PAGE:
I had started eating lean cuisines to try and monitor my calories better, but HOW are we supposed to maintain our calorie intake when I am SO much hungrier than before? Now I'm suffering from some annoying icky tummy, so I'm eating much more sporadically and once I do find something I can eat I eat lots of it. The hunger is still there, I just can't find anything that I either want to eat, or that doesn't make me feel icky after I've eaten. ARG I'm ready for this to be done, and I'm just beginning, LOL!  

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by on Dec. 14, 2009 at 11:58 PM

I have cut refined sugars out of my diet and feel great. The only sugar I get is from fruit, veggies, and other natural sources. It was difficult as first-- I love love LOVE chocolate-- but I had to do what was best for my health and the health of my baby. My total weight gain for this pregnancy is 7 lbs (after losing 4 lbs these past 6 weeks).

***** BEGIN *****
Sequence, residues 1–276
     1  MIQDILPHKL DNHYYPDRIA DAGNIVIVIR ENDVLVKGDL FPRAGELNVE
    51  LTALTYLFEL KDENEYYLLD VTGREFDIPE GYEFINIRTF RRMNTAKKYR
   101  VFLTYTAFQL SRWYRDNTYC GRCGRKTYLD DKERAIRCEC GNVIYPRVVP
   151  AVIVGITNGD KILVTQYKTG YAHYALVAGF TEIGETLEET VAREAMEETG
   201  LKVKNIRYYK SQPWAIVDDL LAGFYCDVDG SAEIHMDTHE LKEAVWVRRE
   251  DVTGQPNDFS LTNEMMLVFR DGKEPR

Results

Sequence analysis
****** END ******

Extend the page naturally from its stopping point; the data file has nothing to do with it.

Quoting doulala:

Anyone working to reduce/eliminate sugar in their diet?

I think it is pretty hard if sweets are a part of everyday life.   Cutting down gradually & sticking with it can make it more do-able. 

by on Dec. 15, 2009 at 12:55 AM

I dont know about this one.. I cut alot of sugar and though well ill get it from fruit, BUT i then started getting dissy, and ended up having a blackout, and the ER doctor told me its cause i wasnt getting the sugar I needed, told me during pregnantcy its important to not change what you eat that fast cause your body wont be able to keep up..

by on Dec. 15, 2009 at 9:12 AM